With regard to an identifiable patient, reports of the type "some patients got anaphylaxis" should
be excluded until further information about the patients is obtained; a report stating that "an
elderly woman had anaphylaxis" or "a young man experienced anaphylaxis" should be included
because there is enough information to suspect that specific patients were involved. Patients
should not be identified by name or address; instead, the applicant, manufacturer, and licensed
manufacturer should assign a code (e.g., patient initials) to each report. An adverse event should
at a minimum consist of signs (including abnormal laboratory findings), symptoms, or disease
diagnosis for purposes of reporting. Thus, a report stating that a patient "experienced unspecified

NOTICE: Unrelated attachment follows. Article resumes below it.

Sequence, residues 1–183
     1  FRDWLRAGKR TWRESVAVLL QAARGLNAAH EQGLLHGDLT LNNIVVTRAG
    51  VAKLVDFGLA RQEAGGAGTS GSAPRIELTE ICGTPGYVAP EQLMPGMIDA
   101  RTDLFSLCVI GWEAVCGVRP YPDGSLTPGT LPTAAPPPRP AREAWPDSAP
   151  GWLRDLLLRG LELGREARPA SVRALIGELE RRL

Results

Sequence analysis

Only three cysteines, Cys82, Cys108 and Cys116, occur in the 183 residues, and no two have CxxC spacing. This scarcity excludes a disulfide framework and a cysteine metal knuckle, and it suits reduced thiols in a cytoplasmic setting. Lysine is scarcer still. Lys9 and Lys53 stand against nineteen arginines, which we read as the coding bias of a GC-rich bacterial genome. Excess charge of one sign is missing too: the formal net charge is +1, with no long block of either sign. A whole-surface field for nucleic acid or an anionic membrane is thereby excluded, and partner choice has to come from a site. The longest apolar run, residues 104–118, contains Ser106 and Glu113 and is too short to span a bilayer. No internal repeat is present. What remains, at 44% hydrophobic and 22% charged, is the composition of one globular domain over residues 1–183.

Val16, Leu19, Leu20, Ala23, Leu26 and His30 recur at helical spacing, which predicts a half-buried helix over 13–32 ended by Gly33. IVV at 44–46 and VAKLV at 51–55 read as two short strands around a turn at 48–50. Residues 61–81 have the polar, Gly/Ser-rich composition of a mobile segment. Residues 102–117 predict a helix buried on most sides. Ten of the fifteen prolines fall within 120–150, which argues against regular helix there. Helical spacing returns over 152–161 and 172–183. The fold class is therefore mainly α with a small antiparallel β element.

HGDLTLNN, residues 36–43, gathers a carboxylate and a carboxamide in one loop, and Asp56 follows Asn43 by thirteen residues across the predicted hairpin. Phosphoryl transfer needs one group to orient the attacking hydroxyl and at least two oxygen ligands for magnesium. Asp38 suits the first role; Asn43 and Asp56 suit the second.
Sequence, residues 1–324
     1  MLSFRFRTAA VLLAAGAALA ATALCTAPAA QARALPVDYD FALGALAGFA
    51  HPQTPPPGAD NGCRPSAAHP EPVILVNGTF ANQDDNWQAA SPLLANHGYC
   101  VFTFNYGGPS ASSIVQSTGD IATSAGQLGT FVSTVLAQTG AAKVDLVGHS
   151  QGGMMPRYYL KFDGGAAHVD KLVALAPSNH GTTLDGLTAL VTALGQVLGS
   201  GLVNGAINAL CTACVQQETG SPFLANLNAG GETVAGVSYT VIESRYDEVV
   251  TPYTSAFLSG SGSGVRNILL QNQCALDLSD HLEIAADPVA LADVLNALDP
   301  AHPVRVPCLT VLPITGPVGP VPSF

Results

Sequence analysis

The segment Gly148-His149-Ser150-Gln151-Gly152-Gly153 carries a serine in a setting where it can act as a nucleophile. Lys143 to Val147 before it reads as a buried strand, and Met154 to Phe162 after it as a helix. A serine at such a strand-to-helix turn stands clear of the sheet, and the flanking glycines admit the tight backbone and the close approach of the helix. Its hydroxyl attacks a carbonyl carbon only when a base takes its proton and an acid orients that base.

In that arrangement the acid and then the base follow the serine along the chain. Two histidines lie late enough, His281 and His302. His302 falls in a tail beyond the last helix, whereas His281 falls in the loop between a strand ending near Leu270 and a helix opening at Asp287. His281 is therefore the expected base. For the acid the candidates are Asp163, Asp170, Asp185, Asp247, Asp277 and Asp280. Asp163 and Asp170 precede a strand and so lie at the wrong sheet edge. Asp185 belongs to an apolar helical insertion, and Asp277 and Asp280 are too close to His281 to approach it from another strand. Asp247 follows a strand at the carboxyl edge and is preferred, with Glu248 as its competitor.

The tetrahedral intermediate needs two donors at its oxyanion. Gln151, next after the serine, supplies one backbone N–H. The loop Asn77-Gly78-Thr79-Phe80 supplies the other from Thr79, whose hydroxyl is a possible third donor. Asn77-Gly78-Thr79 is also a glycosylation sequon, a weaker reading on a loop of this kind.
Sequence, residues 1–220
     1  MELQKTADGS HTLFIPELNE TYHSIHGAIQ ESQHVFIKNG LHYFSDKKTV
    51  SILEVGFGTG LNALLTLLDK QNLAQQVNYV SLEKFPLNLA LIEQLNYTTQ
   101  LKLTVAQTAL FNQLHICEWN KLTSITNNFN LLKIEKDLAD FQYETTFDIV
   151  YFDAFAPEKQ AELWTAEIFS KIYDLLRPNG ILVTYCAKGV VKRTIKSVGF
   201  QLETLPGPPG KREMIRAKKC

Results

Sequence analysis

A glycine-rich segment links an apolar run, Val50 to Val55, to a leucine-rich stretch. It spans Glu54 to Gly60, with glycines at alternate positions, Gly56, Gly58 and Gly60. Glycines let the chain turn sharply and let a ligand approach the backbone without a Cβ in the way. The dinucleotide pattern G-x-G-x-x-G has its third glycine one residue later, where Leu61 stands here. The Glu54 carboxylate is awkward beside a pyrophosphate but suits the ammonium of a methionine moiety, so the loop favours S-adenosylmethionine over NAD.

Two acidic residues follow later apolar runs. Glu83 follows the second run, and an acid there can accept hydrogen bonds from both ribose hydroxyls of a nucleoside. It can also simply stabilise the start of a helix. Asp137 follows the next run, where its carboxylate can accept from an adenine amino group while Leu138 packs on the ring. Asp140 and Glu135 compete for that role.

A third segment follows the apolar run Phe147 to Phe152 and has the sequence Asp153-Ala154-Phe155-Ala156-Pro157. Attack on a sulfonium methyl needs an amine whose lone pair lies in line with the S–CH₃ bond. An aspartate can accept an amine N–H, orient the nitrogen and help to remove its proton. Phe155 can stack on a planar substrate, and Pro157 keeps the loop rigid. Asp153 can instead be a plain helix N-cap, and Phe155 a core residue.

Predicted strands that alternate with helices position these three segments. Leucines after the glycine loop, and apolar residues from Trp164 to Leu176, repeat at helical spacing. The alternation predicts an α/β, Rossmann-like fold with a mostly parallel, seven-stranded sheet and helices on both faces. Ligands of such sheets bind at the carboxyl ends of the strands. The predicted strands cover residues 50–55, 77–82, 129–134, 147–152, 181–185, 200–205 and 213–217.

injury," or a patient "suffered irreparable damages" should not be included until more specific
information about the adverse event can be determined. With regard to fatal outcome, the FDA
expects applicants, manufacturers, and licensed manufacturers to submit reports of patient deaths
even if the adverse event is unknown.
The four basic elements are consistent with international harmonization initiatives. For more
information on these initiatives, refer to section III.B.3 of the International Conference on
Harmonization; Guideline on Clinical Safety Data Management: Definitions and Standards for
Expedited Reporting (ICH E2A document; 60 FR 11284; March 1, 1995) and the definition of
Minimum Standard of Information in the final report of CIOMS Working Group I (International
Reporting of Adverse Drug Reactions, 1990) or the definition of CIOMS Reportable Case